The exhibit also touches on the resistance some of the immigrants faced in their new communities.
In a June 1981 press release displayed in the exhibit, Westminster Mayor Kathy Buchoz stated her support for Vietnamese residents and businesses after the City Council received a petition with 100 signatures asking that business licenses be denied to any “Indochinese refugee” wishing to operate in a certain part of town.
“My personal opinion is that the petition was unconstitutional and discriminatory,” the release stated. “The circumstances that led to their seeking a new life in America were not unlike yours.”
More than 9,000 Vietnamese businesses have been counted in the Garden Grove and Westminster – part of Orange County’s Little Saigon – and residents of Vietnamese origin number more than 188,000 in Orange County.
Prominent Orange County business leader Frank Jao and his Bridgecreek Group have invested $400 million into local shopping centers, including the two-story Asian Garden Mall in Little Saigon.
Jao escaped Saigon on the second-to-last American transport plane, as those fleeing were being fired upon by Communists machine gunners.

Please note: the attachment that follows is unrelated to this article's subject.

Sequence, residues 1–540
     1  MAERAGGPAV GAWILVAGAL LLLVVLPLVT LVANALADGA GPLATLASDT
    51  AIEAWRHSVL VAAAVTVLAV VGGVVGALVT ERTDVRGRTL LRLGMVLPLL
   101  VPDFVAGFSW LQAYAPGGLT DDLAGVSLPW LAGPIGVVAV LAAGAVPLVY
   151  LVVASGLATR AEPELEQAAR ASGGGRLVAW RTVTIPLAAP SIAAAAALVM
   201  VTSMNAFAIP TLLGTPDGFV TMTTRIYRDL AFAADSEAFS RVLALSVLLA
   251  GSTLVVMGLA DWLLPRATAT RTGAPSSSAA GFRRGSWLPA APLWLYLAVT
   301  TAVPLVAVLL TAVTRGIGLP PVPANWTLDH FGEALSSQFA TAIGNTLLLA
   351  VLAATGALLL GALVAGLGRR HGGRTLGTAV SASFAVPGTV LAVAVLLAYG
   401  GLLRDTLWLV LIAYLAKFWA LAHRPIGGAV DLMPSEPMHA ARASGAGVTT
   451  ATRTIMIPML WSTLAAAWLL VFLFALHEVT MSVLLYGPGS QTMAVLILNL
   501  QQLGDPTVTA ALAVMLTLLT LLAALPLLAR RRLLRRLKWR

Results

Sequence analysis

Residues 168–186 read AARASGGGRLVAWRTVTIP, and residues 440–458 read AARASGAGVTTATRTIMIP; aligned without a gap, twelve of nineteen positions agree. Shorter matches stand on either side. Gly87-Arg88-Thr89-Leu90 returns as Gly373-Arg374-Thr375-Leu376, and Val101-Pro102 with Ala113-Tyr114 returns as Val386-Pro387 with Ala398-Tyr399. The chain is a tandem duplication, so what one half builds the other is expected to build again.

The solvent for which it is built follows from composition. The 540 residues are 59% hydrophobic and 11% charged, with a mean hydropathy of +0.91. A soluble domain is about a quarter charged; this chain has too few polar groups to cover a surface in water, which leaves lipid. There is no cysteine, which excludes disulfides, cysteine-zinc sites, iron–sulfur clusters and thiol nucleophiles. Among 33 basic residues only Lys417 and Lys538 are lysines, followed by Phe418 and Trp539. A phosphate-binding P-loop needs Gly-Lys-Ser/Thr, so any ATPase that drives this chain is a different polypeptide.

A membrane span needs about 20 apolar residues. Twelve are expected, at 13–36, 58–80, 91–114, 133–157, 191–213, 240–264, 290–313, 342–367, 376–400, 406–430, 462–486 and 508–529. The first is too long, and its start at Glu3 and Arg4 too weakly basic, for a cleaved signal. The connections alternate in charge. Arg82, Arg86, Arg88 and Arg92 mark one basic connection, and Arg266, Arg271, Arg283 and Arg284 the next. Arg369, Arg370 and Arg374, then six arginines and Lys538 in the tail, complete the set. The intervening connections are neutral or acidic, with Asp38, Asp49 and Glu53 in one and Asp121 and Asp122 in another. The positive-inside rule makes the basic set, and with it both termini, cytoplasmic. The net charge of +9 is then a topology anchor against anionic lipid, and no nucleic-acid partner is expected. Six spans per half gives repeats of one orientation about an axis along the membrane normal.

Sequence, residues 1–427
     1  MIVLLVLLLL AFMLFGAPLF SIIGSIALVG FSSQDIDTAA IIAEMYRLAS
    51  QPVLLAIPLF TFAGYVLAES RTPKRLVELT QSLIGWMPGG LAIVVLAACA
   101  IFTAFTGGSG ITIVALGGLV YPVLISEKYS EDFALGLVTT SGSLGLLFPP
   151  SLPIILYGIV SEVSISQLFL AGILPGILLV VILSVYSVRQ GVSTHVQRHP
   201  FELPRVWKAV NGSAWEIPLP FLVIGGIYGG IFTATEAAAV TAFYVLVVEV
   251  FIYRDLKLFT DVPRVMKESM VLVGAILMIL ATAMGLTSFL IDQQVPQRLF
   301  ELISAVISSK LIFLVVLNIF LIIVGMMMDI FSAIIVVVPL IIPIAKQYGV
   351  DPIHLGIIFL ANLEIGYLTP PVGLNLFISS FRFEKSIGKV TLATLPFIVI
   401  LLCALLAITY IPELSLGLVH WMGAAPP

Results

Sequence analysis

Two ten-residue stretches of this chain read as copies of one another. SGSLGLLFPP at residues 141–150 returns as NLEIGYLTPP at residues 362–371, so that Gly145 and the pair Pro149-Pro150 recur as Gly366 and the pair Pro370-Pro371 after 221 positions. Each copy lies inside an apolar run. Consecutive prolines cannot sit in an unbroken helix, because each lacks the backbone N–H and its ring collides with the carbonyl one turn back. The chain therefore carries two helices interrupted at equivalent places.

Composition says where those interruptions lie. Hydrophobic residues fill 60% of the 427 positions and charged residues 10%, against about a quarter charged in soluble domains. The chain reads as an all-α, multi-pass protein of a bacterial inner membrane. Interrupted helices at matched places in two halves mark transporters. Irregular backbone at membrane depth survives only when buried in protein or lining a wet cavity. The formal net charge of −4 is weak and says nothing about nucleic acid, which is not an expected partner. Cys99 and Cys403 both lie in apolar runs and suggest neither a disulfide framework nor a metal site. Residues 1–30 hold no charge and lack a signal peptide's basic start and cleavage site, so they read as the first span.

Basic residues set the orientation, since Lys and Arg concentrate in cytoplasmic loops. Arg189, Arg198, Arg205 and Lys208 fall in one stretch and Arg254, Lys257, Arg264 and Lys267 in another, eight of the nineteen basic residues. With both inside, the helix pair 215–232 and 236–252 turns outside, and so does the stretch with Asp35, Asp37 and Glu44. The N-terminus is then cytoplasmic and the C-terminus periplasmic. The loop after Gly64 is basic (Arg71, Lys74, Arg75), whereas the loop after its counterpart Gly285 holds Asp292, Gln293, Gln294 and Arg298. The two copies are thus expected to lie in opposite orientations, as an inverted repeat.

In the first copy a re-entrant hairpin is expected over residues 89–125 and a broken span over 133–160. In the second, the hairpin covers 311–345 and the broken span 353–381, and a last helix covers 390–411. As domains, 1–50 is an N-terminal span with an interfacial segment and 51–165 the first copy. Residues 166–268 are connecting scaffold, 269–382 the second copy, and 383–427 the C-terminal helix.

The Nixon Library exhibit is as much for the public at-large as it is for second and third generations of Vietnamese-Americans who may not know or understand the struggles of their parents and grandparents, Jao said.
“This is giving some guidance of where the first generation came from and what they had to go through,” he said.
Viet Stories will be on display through May 28.
Permanent link to this article: https://www.ocregister.com/2018/05/04/nixon-library-exhibit-tells-stories-of-vietnamese-experiences-after-the-fighting/
Digital map of Anaheim High School would give law enforcement a quick guide to the campus in case of an active shooter or emergency